The Catholic Monarchs of Spain – Isabella I of Castile and Ferdinand II of Aragon – decided, no doubt in close consultation with members of the clergy, that ordering the expulsion of Jews from the Kingdoms of Castile and Aragon and its territories and possessions by 31 July of 1492 (i.e. in a period of 3 months) was a good idea. The Alhambra Decree, or Edict of Expulsion, was duly made, keeping Spain among the fashionable kingdoms of Europe (expelling Jews was very much in vogue at that time).
It is unclear just how many Jews left Spain (most of them for North Africa or the Ottoman Empire), but estimates place the number between one and two hundred thousand, with another 50,000 or so converting to Catholicism to remain in Spain. Many thousands of Jews were died trying to leave Spain – murdered by brigands who wanted their wealth, betrayed by Spanish mariners (who overcharged them for passage and in some cases dumped them overboard to drown), or executed for remaining after the deadline without converting.
The Decree remained officially in force until Vatican Council II in 1968, and post-Franco Spain has pursued a policy of reconciliation with the descendents of expelled Jews (who now have the legal right to claim Spanish citizenship without satisfying the normal inhabitancy requirements).
Isabella I of Castile and Ferdinand II of Aragon were the joint monarchs of their two kingdoms, and both staunch Catholics, when they issued the Alhambra Decree on March 31, 1492. It required all Jews to remove themselves – or be expelled by force – from the territories claimed by Aragon and Castille. It did leave a loophole, though – a sincere conversion to Catholicism and abandonment of the Jewish faith would permit these Jews to stay.
Few took advantage of the loophole, and of those who did, many practiced only the forms of the Catholic faith, continuing their Judaic practices in private. Of those who left, about half fled to Portugal, and most of the others wound up living in the cities of Salonika, Sarajevo, Izmir, Thessaloniniki or Constantinople, where the exiled Jews, who were predominately Sephardic, mingled with the Mizrahi Jews who already lived there. The Decree was eventually revoked… in 1968. (Yes, you read that right.)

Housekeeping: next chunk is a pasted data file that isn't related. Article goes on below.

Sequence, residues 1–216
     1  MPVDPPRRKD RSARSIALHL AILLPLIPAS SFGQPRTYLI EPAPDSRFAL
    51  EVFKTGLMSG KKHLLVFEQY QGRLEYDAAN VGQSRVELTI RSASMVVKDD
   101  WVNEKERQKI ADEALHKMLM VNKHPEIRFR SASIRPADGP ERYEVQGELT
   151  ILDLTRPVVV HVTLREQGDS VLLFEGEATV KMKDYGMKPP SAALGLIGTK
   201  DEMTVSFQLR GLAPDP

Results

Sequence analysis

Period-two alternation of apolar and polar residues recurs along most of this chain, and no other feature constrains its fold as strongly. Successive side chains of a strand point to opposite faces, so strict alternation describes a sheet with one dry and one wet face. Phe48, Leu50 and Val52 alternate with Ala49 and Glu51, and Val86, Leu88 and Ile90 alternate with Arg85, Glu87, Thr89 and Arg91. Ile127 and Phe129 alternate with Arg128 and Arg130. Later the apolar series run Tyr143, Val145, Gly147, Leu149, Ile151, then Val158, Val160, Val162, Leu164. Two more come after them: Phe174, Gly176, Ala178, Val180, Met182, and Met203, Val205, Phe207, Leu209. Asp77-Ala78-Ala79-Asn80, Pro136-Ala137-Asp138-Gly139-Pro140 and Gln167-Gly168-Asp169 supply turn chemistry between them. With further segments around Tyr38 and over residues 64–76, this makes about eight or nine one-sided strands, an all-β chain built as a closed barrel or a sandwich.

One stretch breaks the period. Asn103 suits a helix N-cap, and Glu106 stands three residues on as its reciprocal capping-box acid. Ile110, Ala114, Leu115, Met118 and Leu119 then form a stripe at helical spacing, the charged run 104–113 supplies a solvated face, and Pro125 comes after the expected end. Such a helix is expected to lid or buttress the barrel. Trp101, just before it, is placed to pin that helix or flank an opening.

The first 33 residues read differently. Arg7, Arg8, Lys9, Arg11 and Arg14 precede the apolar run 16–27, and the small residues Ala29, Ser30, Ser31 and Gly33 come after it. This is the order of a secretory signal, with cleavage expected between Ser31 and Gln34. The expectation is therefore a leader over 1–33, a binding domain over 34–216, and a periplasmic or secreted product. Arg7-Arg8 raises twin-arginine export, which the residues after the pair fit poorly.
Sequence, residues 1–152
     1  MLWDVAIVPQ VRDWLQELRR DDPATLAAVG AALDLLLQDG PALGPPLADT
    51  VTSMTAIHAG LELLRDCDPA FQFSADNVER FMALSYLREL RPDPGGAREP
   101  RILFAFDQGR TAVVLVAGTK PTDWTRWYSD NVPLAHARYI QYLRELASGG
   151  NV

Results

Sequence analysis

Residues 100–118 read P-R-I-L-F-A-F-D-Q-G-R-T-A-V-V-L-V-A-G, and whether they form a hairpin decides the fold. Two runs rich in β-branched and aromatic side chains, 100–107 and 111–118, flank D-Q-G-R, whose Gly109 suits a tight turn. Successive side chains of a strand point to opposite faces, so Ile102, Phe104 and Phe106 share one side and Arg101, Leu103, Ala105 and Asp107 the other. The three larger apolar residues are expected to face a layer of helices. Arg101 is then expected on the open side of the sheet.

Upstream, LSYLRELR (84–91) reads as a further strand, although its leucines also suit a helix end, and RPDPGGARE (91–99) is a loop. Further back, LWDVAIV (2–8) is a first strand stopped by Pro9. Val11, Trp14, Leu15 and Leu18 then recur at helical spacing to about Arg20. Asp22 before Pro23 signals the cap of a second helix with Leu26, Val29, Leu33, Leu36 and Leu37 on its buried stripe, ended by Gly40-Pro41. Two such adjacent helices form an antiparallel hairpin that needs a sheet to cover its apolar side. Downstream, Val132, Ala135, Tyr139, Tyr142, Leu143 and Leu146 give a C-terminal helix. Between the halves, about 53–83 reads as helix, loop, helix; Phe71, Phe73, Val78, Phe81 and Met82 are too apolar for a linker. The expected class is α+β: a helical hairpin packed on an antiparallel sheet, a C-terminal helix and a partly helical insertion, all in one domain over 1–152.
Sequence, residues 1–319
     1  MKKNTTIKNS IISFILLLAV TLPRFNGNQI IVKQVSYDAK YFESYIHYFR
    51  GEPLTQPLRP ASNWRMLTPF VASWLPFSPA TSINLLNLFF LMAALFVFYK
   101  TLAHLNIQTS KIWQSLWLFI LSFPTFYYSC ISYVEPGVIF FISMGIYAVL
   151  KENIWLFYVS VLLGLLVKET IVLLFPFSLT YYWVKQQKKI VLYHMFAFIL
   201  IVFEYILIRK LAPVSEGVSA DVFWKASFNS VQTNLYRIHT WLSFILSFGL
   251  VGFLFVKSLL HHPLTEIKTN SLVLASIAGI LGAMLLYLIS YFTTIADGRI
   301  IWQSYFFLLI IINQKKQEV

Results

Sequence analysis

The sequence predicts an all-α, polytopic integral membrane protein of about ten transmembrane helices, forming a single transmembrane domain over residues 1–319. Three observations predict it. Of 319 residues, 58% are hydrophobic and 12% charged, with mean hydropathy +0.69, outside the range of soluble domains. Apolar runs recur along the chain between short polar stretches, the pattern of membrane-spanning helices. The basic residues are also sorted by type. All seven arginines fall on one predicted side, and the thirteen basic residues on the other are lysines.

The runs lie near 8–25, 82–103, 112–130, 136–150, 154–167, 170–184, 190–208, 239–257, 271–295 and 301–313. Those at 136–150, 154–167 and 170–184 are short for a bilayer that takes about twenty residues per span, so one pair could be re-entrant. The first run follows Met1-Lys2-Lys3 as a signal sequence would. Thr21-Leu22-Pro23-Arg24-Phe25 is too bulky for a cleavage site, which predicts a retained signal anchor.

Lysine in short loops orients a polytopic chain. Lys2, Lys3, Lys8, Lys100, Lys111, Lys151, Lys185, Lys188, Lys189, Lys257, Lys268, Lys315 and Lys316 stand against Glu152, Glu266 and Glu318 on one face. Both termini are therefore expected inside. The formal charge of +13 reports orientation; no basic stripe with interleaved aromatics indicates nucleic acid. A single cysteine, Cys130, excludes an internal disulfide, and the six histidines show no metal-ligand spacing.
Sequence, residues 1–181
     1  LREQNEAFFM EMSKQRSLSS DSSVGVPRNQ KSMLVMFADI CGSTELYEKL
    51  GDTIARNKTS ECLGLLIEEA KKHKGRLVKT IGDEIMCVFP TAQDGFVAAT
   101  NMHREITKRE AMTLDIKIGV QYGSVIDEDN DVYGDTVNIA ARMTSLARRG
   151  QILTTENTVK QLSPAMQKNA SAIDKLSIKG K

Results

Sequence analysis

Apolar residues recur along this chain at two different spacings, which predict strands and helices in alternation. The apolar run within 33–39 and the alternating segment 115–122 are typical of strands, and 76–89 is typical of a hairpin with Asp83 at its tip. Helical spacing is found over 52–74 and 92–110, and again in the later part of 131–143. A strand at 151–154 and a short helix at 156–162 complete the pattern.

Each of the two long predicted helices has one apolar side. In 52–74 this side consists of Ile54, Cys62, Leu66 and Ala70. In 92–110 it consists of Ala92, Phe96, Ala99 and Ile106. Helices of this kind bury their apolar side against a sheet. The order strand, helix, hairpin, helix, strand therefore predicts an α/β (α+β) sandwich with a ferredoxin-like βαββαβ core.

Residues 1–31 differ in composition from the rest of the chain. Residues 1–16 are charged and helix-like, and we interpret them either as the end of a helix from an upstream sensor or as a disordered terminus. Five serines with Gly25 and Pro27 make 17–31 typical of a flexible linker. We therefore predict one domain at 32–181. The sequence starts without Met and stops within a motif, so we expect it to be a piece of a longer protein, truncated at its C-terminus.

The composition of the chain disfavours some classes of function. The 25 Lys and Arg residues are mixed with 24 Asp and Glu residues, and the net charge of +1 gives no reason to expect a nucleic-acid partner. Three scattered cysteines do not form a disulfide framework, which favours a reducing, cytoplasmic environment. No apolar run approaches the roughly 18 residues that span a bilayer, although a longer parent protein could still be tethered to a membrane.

Columbus’ expedition to the Far East was going well. He left Spain on August 3, and by October 7, the expedition sighted a large flock of birds. Finally, a sailor named Rodrigo de Triana (aboard the La Pinta) sighted land at about 2AM on October 12.
Columbus, being the shy, retiring flower that he was, later claimed that he had seen land first, which almost certainly had nothing to do with the reward of 10,000 maravedís. Columbus named the island San Salvador, although the resident indigenes had already named it Guanahani. Exactly which island in the Bahamas or Turks and Caicos this corresponds to is an unresolved topic; prime candidates are Samana Cay, Plana Cays, Grand Turk, or San Salvador Island (which was named San Salvador in 1925 in the belief that it was Columbus’ San Salvador).
Dr. Livingstone, I Presume — Moody Blues
Thanx But No Thanx — Ministry
Columbus was not the brightest of navigators. His math regarding how far away Asia was by the western route was off by more than double the actual distance. In fact, he expected to sight land even earlier than he actually did, let alone that it was the wrong land. But he sailed out of Palos de la Frontera on the evening tide, leading his tiny fleet of three ships, and quite confident in his own abilities as captain and navigator. Whatever you may think of his mathematics, you cannot deny his courage.
In the course of his first voyage, when searching for Japan, he landed instead in the Bahamas a little over two months after leaving Spain, where he introduced the natives to such European specialities as Christianity, firearms and diseases they lacked immunities for.